PVC is everywhere. Polyvinyl Chloride (PVC) is the most commonly used plastic piping material. It’s corrosion-resistant, cost-effective and promises a long service life. It can be used underground or can even be used outdoors if the pipe contains stabilizers and UV inhibitors and is painted with a water-based latex paint. PVC materials are also resistant to ordinary chemicals such as acids, bases, salts and oxidants. PVC pipe is made to conform to various ASTM standards for both pressurized and non-pressure applications, including drain-waste-vent (DWV) applications, sewer hookups, water service, irrigation and conduit.
PVC piping system components can be manufactured in a variety of colors, which makes it easy to identify the piping for its intended application. According to the Plastic Pipe and Fittings Association, a common color scheme (although not universal) is:
- White for DWV and some low pressure applications.
- White, blue, and dark gray for cold water piping.
- Green for sewer service.
- Dark gray for industrial pressure applications.
However, this color scheme has an exception: Much of the white PVC pipe is dual rated for both DWV and pressure applications.
Another nice characteristic of PVC piping is that it’s easy to install and well within the grasp of a do-it-yourselfer. The following steps detail the process of connecting PVC pipe joints.
Measure. The ends of PVC piping will slide inside the pipe fittings up to the shoulder of the fitting. For this reason, when measuring the pipe, always measure the distance between the shoulders of the fittings at each end, and transfer this measurement to the pipe.
Cut. Make the cut as straight and square as possible. The cuts can be made with a standard hacksaw. In the photo I’m using a pipe-cutting recip saw from Porter-Cable.
De-burr. Use a utility knife or file to remove burrs from inside the pipe joint.
Clean. To ensure good adhesion and a strong, leak-free joint, I use a fine-grit sandpaper to lightly scuff the ends of the PVC to remove the sheen and clean away any dirt. Then I wipe with a clean rag to remove any traces of dust.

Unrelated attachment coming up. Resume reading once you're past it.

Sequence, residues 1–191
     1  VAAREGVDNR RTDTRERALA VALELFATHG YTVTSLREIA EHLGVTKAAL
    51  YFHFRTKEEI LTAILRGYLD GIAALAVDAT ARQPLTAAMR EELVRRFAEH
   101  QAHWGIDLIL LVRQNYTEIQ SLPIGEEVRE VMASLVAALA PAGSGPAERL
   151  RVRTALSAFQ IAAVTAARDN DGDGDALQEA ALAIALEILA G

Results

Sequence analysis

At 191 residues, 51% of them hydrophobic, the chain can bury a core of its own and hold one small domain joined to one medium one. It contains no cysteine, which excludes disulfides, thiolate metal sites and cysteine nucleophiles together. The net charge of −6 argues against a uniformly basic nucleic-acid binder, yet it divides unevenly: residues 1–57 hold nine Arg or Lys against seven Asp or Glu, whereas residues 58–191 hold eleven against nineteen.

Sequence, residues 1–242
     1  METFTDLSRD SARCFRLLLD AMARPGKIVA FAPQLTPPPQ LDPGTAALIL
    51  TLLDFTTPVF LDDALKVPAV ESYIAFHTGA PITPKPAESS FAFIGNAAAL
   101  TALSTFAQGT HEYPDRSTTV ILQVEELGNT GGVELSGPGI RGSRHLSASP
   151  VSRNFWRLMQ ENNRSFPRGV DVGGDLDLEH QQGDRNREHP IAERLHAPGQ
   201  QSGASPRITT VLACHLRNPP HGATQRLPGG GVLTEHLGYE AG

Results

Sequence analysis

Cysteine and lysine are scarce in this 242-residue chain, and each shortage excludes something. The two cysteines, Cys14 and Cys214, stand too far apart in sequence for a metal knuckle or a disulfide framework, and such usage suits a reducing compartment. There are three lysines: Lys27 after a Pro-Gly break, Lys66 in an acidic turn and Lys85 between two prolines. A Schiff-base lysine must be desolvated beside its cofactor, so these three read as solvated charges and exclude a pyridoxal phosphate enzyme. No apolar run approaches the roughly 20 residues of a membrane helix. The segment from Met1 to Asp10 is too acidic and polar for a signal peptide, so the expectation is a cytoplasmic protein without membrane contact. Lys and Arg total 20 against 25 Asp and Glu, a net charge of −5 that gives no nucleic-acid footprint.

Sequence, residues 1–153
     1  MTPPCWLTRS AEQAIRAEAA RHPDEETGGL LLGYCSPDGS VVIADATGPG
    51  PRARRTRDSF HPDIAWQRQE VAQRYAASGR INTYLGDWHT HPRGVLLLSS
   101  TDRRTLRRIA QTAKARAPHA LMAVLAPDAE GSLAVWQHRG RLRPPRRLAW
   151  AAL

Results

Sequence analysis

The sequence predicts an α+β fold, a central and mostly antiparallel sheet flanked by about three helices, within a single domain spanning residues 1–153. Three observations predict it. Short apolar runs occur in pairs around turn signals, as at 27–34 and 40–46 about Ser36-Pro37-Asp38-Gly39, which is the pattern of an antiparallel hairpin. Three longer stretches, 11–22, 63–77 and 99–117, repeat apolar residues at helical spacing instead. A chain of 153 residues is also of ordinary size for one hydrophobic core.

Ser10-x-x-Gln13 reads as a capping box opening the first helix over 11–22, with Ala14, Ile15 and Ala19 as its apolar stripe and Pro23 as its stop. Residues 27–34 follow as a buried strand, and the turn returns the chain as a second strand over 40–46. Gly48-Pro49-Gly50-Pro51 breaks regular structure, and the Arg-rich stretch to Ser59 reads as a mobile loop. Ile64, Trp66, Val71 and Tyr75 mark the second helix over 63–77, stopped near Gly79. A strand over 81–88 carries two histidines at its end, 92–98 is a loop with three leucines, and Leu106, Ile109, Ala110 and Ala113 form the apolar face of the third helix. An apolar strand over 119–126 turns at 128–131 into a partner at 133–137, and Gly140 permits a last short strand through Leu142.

Dry-fit. Assemble the components to make sure everything is the correct length. The orientation of certain fittings, such as elbows, is critical to the plumbing system’s design. Make directional reference marks on the mating pieces for easy realignment during final assembly. Also, mark the depth of pipe that will be concealed by the fitting to guide where to apply the primer and PVC cement.
Required. Making the connections requires PVC/CPVC Primer as well as PVC cement. The cans of product usually include an applicator brush in the cap.
Prime. Apply PVC primer around the entire end of the pipe, as well as to the inside of the fitting. The primer temporarily softens a thin layer of the PVC material, which allows the PVC cement to create a strong, leak-free bond between the pipe and fitting.
Cement. Next, brush PVC cement over the pipe end and inside the fitting, completely covering the contact surfaces of the joint.
Connect. Slide the pipe into the fitting until it presses firmly against the shoulder. Give the pipe or fitting a 1/4-in. turn to spread the adhesive and make sure it completely seals the joint. Make sure your reference marks on the pipe and fitting are properly aligned. Hold the joint for at least 30 seconds as the cement cures.
What the heck is that? This photo shows my finished PVC joints, displaying a variety of fittings, including threaded junctions, 90-deg. elbows, 45-deg. elbows and cross-fittings. If you’re thinking: “This looks like a crazy drainage system” … well, you’ve caught me. Although I made all the connections just as I would have done for a leak-free plumbing run, I’m actually using the PVC to construct a “skeleton” for a Halloween decoration. If you’d like to see more progress on the Halloween project (which will hopefully result in a large jack-in-the-box style scarecrow display), then keep checking this blog for more hair-raising updates…
— Matt Weber